In the campaign leading up to Rochester’s Democratic mayoral primary, City Council President Lovely Warren often referred to "two Rochesters" and the need to bridge the gap between them.
As her economic and community development plan puts it: "One Rochester is growing, prosperous and has a bright future. The other, often invisible Rochester is characterized by high rates of unemployment, crime, poverty and despair."
An effective get-out-the-vote effort among her supporters no doubt helped Ms. Warren achieve a stunning upset victory on Tuesday. But just as clearly, her "two Rochesters" message resonated with many voters.
There’s no denying the economic divide that exists in Rochester; indeed, both Ms. Warren and Mayor Thomas Richards say it may be the most critical issue facing the city.
Economic opportunity requires job creation, which can occur only if businesses are willing to locate and invest in the city. In that regard, it appears Ms. Warren has another gap to bridge: the one between her and many people in the business community.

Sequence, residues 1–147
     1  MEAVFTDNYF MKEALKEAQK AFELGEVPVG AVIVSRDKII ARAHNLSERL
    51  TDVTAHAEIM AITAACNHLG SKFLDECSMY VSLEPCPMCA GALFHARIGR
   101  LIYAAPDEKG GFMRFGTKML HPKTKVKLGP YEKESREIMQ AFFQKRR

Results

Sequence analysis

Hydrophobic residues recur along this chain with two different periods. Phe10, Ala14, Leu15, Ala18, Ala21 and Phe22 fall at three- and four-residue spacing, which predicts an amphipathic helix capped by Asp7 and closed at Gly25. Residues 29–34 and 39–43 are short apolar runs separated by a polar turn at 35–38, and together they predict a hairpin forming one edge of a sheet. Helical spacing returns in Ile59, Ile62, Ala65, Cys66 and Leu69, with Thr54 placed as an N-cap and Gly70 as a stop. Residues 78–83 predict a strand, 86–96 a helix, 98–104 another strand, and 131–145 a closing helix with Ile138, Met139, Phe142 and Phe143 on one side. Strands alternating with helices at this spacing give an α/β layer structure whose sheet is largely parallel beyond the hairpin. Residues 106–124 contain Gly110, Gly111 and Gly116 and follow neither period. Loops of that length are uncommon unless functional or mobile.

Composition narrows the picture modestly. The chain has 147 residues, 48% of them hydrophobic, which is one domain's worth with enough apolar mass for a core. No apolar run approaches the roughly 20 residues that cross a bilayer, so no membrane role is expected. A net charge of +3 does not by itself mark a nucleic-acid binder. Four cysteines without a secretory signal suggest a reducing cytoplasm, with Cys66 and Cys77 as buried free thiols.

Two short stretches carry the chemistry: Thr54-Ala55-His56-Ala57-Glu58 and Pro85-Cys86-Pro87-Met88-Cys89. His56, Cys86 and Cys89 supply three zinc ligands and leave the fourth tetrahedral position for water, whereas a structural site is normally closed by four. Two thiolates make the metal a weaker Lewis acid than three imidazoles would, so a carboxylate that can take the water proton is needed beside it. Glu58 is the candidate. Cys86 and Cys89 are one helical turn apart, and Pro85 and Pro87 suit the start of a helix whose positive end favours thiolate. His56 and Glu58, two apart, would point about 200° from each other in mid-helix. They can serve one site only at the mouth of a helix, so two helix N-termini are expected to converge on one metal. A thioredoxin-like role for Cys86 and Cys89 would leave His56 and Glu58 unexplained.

In an RBJ poll conducted shortly before the primary, roughly 90 percent of respondents favored Mr. Richards. In another RBJ poll conducted the morning after the primary, nearly 80 percent said they were pessimistic about Ms. Warren’s ability to lead the city, if elected mayor in November.
Many businesspeople understandably like Mr. Richards’ private-sector executive experience and think he has done a good job since taking office in April 2011. It’s also likely, however, that many have not looked closely at Ms. Warren’s economic development ideas. After all, few people gave her much of a chance to win.
In fact, she is keenly aware of issues facing city businesses, especially small firms. And her personal story reveals determination and other character traits that entrepreneurs and business owners admire.
If Ms. Warren becomes Rochester’s next mayor-and few today would bet against her-both she and the business community will need a strong working relationship built on trust and mutual interest. Without it, try imagining a thriving city.
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